Brightcove offers Video Cloud, an online video platform that enables its customers to publish and distribute video to Internet-connected devices. The company's Video Cloud platform offers various features and functionalities such as uploading and encoding, content management, video players, live video streaming, distribution and syndication, social media, advertising and monetization, and integrated video analytics.
According to Cisco, internet video represents about 40 percent of consumer internet traffic and is expected to grow to about 60 percent by 2015. The increase is driven by the rapid adoption of smartphones and tablets, higher connection speeds, lower creation costs as well as the rich?consumer experience offered through video.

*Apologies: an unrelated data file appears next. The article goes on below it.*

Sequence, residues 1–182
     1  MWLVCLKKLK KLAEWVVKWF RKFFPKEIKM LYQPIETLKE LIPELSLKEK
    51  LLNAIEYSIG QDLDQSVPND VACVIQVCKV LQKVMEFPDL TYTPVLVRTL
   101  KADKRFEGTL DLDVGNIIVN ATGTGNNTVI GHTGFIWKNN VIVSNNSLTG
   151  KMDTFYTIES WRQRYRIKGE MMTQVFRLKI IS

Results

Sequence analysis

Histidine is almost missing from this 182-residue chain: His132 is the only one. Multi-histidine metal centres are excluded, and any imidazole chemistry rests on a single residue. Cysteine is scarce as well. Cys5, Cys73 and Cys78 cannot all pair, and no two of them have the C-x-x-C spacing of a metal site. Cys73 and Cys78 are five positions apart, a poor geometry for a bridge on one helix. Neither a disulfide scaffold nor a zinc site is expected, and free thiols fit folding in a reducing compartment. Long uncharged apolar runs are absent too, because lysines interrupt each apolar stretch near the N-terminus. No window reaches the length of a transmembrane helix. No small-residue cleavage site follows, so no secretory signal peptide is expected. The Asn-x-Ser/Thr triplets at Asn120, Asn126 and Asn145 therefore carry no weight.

During 2011, Brightcove's customers delivered and average of approximately 743 million video streams per month with its Video Cloud platform.
"In our opinion, the Brightcove Video Cloud does a better job of organization and categorizing video content and driving that content across Web sites and devices compared to free video sharing sites, in-house solutions and other online video platform players," RBC Capital Markets analyst Robert Breza wrote in a note to clients.
Brightcove started trading Feb.17 on the Nasdaq. The company sees a sizable growth opportunity at more than $5.8 billion by 2015 at a CAGR of 26 percent from 2011.
In terms of business model, Brightcove prices its products on a subscription basis or as software as a service (SaaS) as it lowers the upfront risk of deploying an in-house, perpetual-based software license solution on top of either new or existing hardware.
The robustness of the product and subscription model has built a highly diversified customer base of over 3,872 in 50 different countries which represents less than 1 percent of potential customers.